To think that Kevin Pietersen doesn’t rate himself at anything is so counter-inituitive that it makes my head hurt.

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England have delayed naming their Test squad for the series against the West Indies, because the selectors “need more time to assess players who are returning after injury”.

This gives the likes of Ian Bell and Michael Vaughan an extra nine days to impress, an effect which may not be entirely coincidental. The poor showing for the MCC by Vaughan, Bell and Rob Key means that there are few real candidates for the number three spot who are in any sort of form. Although Bell recently made 172 for Warwickshire, it is perhaps felt too soon to bring him back (even if he would clearly disagree). An extra week-and-a-bit may provide an opportunity for someone to play themselves into a ‘selectable’ position.

Another factor involved in the delay may be concerns over players picking up injuries in the IPL. Andrew Flintoff is reportedly already feeling the strain on his ankle after a mere 4 overs for the Chennai Super Kings, and it’s not difficult to imagine something happening to Collingwood or Pietersen in South Africa either (even if, in the latter’s case, the main injury threat may come from angry Saffer spectators).

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  • Derbyshire have brought in Stuart Law (who was cut loose by Lancashire) to boost their one-day firepower, but he won’t feature much in the County Championship. Charl Langeveldt will also be absent for at least three matches following his acquisition by Kolkatta for the IPL, but captain Chris Rogers is probably the best short-sighted colour-blind ginger cricketer in the world.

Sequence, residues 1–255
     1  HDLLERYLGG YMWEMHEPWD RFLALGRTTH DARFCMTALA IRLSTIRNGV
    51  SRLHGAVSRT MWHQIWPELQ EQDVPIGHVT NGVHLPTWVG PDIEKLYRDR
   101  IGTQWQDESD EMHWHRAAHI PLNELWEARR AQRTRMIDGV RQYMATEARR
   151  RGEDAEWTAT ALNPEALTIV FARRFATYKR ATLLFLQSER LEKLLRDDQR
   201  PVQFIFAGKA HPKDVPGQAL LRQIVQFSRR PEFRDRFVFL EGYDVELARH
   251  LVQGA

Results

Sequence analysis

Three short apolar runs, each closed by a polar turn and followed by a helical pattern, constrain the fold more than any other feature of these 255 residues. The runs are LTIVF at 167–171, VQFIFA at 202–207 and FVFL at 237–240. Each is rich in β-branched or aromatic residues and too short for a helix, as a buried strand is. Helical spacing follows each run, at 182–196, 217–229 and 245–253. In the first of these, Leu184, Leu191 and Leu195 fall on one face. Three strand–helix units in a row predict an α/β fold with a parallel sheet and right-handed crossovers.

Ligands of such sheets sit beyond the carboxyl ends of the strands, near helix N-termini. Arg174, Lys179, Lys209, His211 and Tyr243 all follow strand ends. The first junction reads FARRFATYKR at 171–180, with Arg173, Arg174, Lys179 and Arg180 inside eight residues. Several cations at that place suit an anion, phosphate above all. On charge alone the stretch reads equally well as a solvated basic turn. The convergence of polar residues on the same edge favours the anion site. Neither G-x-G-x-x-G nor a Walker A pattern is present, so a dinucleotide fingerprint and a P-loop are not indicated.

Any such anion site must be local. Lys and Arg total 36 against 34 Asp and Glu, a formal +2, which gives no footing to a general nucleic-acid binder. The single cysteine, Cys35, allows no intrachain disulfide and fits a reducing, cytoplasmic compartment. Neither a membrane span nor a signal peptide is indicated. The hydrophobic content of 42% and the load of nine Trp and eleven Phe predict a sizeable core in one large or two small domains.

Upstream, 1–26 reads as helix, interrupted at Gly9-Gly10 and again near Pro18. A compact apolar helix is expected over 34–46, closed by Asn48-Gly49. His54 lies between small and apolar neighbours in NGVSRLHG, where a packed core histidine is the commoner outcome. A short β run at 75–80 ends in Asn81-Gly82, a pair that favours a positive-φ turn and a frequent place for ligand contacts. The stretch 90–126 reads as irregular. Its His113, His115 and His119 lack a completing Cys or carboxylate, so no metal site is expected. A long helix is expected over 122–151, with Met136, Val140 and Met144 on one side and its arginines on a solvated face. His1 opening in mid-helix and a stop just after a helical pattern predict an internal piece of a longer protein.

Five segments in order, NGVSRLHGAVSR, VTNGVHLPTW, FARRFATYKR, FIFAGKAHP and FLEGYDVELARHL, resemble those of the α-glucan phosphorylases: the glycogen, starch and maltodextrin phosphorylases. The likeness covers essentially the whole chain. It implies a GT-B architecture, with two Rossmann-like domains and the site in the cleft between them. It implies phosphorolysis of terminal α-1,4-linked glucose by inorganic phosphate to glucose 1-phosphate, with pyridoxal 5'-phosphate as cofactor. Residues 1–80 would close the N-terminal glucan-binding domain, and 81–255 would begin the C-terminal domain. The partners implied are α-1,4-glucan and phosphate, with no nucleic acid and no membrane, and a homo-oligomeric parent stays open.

• Gloucestershire, if anything, had an even worse season than Glamorgan, finishing rock bottom of the Championship in 2008. John Bracewell has a tough task on his hands to turn things around, but James Franklin’s arrival will help improve the standard of a bowling attack that struggled so much last year.
  • Northamptonshire struggled to win matches in 2008, so may be secretly hoping that Monty Panesar is dropped by England so that he can take key wickets for his county. The motley crew of Kolpaks and ‘Steelboks’ will otherwise have its work cut out to improve on last year’s showing.
  • Surrey find themselves back in Division Two once again, but the summer’s signings of Andre Nel – who will be available throughout the season – and Grant Elliot will boost their chances of promotion. Mark Ramprakash, of course, is still there, and now that he has passed the 100 centuries milestone, his county will be hoping that the part-time ballroom dancer returns to his form of 2006 and 2007.

A Division One preview will follow tomorrow.

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Given the fact that England’s preliminary squad for the World Twenty20 doesn’t include current captain Andrew Strauss (who admittedly doesn’t have the best T20I pedigree), the selectors will be on the hunt for a new leader. Here are some of the contenders:

  • Andrew Flintoff has been there before, got the t-shirt and sunk the pedalo. His form dipped the last time he took charge (a spell which included a 5-0 drubbing in the Ashes), which is likely to mitigate against his selection.
  • Kevin Pietersen will be talked about as a possibility, but it would be a massive gamble for both player and selectors to return so quickly to an arrangement which ended in such chaotic circumstances back in January.

There are, of course, other possibilities within the squad, and the ECB isn’t exactly known for making sensible or long-term choices, so it could be anyone.